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Dog Emergency Care


This collection of Dog Emergency Care articles has been curated for you by Animal Hospital of Springfield. If you would like to talk to a veterinarian, please give us a call at (217) 615-5664.

Hypothermia in Dogs

Winter is in full swing, and that means colder temperatures, sometimes in the extreme. It can be fun playing in the cool, crisp air (and even snow for some parts of the country!) with your dog, but the cold weather also has some potential health risks to your pup. Just as you have to take precautions for your dog in the extreme summertime heat, you also have to plan accordingly during the extreme cold temperatures that can occur in winter.


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Exploring Bloat in Dogs

Bloat in dogs is an extremely serious and dangerous medical condition that should be treated as a medical emergency. Even mild cases of bloat can turn fatal. Although the causes of bloat are still not clear, the symptoms that occur are fairly consistent and are a sign that you should seek immediate medical attention.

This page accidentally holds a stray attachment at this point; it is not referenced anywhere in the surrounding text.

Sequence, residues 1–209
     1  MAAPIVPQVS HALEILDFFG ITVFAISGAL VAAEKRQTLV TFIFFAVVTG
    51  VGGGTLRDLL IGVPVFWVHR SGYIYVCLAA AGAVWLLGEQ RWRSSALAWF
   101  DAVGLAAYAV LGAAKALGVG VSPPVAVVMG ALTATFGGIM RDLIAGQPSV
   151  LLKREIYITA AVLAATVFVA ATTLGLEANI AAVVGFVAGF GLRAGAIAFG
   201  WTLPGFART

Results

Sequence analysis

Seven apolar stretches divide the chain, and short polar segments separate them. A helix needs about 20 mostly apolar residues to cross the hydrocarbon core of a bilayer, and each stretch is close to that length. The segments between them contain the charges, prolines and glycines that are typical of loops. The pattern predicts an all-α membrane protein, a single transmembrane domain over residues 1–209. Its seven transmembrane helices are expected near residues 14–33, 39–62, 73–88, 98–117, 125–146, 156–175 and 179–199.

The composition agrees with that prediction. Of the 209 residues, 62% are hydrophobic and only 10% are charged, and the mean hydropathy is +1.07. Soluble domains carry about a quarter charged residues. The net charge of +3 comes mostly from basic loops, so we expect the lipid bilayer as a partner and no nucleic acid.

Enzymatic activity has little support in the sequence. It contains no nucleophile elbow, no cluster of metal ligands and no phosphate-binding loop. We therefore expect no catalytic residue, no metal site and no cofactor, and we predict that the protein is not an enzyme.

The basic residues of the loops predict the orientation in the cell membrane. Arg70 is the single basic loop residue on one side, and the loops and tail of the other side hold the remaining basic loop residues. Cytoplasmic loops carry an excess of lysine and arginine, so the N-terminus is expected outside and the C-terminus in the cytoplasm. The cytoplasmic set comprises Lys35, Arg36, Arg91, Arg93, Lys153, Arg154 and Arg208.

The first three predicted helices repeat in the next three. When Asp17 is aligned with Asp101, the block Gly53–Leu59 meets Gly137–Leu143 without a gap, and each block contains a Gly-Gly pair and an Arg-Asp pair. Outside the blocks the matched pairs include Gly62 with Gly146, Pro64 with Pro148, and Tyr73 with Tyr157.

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Summer Heat and Your Dog

Temperature elevation in your dog can happen for more than one reason - they could have a fever (which often means infection), or it could be elevated from environmental factors such as heat and humidity. A dog’s normal temperature ranges from 99 to 102 degrees Fahrenheit, and temperatures in the 103-105 range could mean heat exhaustion.


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Protecting Your Pets from Common Poisons

Most people think of bleach or rat poison when they think of household toxins. If that’s you, you’re right. Yet, there are many other less obvious items that could pose a hazard.

Take sugar-free gum for instance. Did you know that it contains xylitol, which can cause liver failure in your dog? The popular sugar substitute is also in certain brands of toothpaste and sweetener packets for coffee and tea. Yet, it can be deadly to your dog.


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Can Your Pet Get the Flu? What You Need to Know About CIV

The recent outbreak of canine influenza virus (CIV) in the Midwestern region of the United States has affected more than 1,000 dogs. Should you be worried?

As with all infectious and parasitic disease trends, our doctors have been closely following this issue and its possible indications for our clients and patients.


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